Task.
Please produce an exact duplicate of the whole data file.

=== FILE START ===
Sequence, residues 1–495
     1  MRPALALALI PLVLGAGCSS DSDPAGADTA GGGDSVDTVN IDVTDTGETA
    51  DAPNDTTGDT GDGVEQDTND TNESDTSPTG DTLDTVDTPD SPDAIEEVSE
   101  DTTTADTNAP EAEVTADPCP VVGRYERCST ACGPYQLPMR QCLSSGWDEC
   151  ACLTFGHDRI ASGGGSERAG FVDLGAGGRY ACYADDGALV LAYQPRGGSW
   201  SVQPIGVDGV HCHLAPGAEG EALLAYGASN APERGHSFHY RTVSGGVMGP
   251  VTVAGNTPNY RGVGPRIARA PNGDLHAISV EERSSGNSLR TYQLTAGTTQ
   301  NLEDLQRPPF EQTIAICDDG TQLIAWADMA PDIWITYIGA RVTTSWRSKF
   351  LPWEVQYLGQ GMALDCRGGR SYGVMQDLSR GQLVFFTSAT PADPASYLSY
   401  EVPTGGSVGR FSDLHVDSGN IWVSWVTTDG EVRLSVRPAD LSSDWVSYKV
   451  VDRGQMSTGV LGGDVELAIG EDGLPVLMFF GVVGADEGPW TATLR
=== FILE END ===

Sequence, residues 1–495
     1  MRPALALALI PLVLGAGCSS DSDPAGADTA GGGDSVDTVN IDVTDTGETA
    51  DAPNDTTGDT GDGVEQDTND TNESDTSPTG DTLDTVDTPD SPDAIEEVSE
   101  DTTTADTNAP EAEVTADPCP VVGRYERCST ACGPYQLPMR QCLSSGWDEC
   151  ACLTFGHDRI ASGGGSERAG FVDLGAGGRY ACYADDGALV LAYQPRGGSW
   201  SVQPIGVDGV HCHLAPGAEG EALLAYGASN APERGHSFHY RTVSGGVMGP
   251  VTVAGNTPNY RGVGPRIARA PNGDLHAISV EERSSGNSLR TYQLTAGTTQ
   301  NLEDLQRPPF EQTIAICDDG TQLIAWADMA PDIWITYIGA RVTTSWRSKF
   351  LPWEVQYLGQ GMALDCRGGR SYGVMQDLSR GQLVFFTSAT PADPASYLSY
   401  EVPTGGSVGR FSDLHVDSGN IWVSWVTTDG EVRLSVRPAD LSSDWVSYKV
   451  VDRGQMSTGV LGGDVELAIG EDGLPVLMFF GVVGADEGPW TATLR